The Perfumery! Never felt the need for a dressing table?


Ever felt the need for pink fluffy talk?

I haven’t ever had a dressing table with a stool but my grandparents and my parents always had one and there was always a sort of air of female mystery to them; drawers on either side with handkerchiefs, nylon stockings, underwear, boxes of  talcum powders and those fluffy brushes with little satin bows on the top. There were special green glass containers shaped like mermaids or with pot pouri inside, and trays to put your pearl necklaces and earrings in. I still have a whole set of black ebony dressing table tray and ring holders and a selection of bristle hairbrushes and mirrors which are boxed and on the loft and never to be used.

Is it that we just don’t have the time, or the room, or is it just another thing to dust? We had Maids, as in Downton Abbey? We have Spas now and ‘body-brushing’ (only just found out what this is!) I can remember reading a book by a famous Turkish Sufi Master called Sheikh Muzaffer Ozak “Love is the Wine” and about brushing his wife’s hair, which is one of the other reasons I keep my hair long, as I am rather like Mr B Pussycat who loves his hair brushed.

My lovely hubby has just been perusing our library on Sufi Mystics and thinks it isn’t that book! Hahaha I made him look! Memory is a wonderful thing if it throws you back to move you forward!

The other reason is that I have been nagging my architect husband to build me a turret at the back of our house, so I can hang my hair down like Rapunzel. It hasn’t materialised, but it is so delicious thinking about it.

I think my love of  the Eastern Culture stems from my reading the Arabian Nights, when I was a child;  I could almost smell the turkish delight, and the perfumes, and the night scented air. I have just been reading a book by a turkish lady, Elif Shafak ‘Forty Ways to Love” and her latest, ‘The Architects Apprentice’ It has made me realise that we absorb so much from our childhood, which stays within our being, and it returned my heart to that wonderful poetry by Rumi, and the search for the soul. Anyway I digress but only to point out, how we have forgotten to make time for these ‘mindful’ meanderings, and hair-brushing and dressing tables, indeed. Don’t you just love all the different shapes of glass bottles? Pop into the glass section of the V&A in South Kensington. Food for the glass lover! I just so so so love perfume it sends me on different journeys, depending which one I use. I used to sit on the telephone in the ‘olden days’ sniffing the pot pouri on the telephone table. I am a very Olfactory person. My son gave me Perfume to read ages ago and I can’t see it on the shelf so forgotten who it is by? Brilliant strategy of writing. I love “strategies” for sharing truths and wisdoms AND for getting people to do things they hadn’t thought they wanted to do! Ha ha ha xxxxx Love you. Toodlepip!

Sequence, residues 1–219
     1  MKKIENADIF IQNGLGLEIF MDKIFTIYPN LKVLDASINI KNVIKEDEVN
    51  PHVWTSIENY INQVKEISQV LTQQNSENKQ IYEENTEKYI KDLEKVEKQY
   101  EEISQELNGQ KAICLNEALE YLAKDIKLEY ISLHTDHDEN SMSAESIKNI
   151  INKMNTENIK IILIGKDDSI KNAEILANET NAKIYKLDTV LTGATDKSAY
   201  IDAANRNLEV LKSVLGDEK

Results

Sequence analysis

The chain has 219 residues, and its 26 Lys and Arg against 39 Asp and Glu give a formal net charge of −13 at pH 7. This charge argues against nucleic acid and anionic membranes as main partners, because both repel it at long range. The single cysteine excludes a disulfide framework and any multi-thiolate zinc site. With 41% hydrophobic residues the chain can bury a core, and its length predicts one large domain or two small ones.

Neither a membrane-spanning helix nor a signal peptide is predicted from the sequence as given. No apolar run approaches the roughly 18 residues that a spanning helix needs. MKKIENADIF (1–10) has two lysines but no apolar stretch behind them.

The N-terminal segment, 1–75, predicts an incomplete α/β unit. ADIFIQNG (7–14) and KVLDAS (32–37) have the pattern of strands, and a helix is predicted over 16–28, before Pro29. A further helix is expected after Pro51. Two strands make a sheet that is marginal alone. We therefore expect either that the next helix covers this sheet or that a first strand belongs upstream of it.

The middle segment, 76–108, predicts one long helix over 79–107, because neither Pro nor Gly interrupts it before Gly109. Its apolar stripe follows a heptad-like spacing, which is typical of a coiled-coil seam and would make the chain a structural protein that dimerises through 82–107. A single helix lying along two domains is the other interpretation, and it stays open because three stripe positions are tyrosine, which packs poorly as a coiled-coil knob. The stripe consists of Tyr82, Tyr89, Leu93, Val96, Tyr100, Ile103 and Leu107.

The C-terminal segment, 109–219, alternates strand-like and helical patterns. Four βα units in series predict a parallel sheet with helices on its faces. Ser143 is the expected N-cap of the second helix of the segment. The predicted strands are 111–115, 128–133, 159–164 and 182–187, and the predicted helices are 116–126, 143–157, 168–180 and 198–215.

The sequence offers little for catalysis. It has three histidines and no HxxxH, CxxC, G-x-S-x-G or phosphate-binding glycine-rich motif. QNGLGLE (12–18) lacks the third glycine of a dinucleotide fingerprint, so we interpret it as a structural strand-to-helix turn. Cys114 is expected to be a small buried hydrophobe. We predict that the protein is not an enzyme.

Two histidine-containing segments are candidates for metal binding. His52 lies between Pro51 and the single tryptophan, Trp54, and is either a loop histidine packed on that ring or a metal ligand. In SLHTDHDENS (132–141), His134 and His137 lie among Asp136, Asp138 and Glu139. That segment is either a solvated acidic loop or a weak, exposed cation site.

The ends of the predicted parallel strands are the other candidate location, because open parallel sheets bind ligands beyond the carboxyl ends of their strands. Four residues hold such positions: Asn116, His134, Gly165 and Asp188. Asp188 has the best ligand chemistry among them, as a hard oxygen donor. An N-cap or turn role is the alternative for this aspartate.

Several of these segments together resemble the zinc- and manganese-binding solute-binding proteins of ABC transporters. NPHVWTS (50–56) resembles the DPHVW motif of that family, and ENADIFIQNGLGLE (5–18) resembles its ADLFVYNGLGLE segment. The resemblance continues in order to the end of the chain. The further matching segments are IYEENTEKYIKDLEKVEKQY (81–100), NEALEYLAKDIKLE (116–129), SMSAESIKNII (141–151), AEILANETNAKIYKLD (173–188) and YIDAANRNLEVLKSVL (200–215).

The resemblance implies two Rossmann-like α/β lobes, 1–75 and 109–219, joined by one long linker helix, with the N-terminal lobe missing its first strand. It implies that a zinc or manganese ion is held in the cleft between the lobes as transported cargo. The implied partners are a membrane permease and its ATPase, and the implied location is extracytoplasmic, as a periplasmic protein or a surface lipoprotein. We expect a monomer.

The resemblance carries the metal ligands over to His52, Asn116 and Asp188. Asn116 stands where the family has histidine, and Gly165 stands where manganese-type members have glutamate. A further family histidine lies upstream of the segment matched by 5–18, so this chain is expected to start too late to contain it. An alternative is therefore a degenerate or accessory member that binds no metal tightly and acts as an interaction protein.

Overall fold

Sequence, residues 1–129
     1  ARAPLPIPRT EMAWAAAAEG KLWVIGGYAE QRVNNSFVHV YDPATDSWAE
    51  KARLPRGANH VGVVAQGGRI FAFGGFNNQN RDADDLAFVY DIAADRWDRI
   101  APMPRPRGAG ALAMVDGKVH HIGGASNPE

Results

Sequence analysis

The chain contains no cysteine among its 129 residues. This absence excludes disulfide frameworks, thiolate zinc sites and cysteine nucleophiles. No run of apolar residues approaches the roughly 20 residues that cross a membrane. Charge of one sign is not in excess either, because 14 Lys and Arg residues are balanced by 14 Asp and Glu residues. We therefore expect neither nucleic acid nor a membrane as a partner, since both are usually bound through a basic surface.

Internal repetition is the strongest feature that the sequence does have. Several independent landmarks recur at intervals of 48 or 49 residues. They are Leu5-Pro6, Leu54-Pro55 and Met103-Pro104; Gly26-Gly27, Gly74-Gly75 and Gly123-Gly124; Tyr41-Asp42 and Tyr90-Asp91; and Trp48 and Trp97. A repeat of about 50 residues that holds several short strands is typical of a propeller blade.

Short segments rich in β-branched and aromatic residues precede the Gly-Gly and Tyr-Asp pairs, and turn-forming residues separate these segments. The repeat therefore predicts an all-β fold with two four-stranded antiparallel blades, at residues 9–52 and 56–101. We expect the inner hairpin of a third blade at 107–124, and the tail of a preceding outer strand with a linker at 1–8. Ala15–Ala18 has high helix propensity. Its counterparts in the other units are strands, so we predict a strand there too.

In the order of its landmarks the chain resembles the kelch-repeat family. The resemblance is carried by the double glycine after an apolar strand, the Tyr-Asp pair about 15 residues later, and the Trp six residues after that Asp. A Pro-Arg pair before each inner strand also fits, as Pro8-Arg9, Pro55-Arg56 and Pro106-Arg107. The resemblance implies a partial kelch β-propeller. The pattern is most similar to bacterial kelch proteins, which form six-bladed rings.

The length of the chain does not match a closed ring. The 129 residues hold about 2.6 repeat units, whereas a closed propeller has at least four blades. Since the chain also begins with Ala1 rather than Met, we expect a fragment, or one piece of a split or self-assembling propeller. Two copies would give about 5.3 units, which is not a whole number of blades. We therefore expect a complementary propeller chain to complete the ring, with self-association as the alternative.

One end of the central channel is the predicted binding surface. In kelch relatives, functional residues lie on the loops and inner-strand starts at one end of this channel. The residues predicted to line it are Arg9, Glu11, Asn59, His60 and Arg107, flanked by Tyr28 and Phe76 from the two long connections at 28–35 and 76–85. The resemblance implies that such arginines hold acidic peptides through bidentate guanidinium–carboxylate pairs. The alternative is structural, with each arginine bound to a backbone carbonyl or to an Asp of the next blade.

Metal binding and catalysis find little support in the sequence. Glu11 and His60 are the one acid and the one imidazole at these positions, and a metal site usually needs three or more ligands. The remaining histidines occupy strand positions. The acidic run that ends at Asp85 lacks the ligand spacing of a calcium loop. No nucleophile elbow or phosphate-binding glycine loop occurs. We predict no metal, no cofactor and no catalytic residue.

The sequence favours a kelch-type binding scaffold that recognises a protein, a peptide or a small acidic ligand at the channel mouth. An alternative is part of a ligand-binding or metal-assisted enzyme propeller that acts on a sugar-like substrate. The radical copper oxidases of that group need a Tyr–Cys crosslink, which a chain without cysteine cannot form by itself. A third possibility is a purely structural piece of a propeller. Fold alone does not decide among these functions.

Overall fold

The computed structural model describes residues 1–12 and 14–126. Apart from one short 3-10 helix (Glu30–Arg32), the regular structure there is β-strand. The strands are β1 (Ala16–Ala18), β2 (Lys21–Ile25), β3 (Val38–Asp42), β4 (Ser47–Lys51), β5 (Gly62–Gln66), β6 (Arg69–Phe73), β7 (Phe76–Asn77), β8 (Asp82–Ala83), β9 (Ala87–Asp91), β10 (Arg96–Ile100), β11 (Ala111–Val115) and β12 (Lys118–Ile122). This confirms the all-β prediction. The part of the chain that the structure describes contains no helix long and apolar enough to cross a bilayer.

1. Plz consider writing a post on your sufi bookshrlf., i am very interested but was not taught this or introduced to it growing up even though I went to an Islamic school, I think your fun writing style would keep it READABLE and interesting. My sister says some Rumi 7translators are way off on the meaning and dilute the depth so I wd be interested to see which translations to you think are best

    1. Your sister is absolutely right. However words mean different things to different people; just as some people can read the words ‘pure silence’ and others ‘feel’ it. We have books by Idries Shah and his brother on our shelves which over our years have been a source of contemplation but will try a ‘Sufi Shelf Post’ I am so very pleased you are interested.

  2. Dear AMR’s Mum,
    I loved your perfume post & the way you write.
    Im also fascinated about dressing tables. I love my mums and all the little silver trinkets & perfume bottles on it.
    The other thing she keeps on it is a small matchbox with 2 tiny plastic babies in it. It looks like a little cot. It was given by mums nursing friend in the 60’s. What she didnt know is only a couple years later mum had twins. (Of which i am one)
    So small things can tell big stories!
    Keep writng your wonderful blogs & tell us more stories about your childhood & growing up.
    Love Rachel xx

    1. Rachel what a wonderful story! There was something on TED last week which was about a chaap who had set up a story booth in America somewhere. People could drop in and have their story listened to. Aaaaaaagh Will send you the link!

      1. That sounds like a great idea! Story telling is in itself such a wonderful thing. I guess that is why your post appealed to me so much because you were telling the story as you would have said it.I found it charming. Thanks xx

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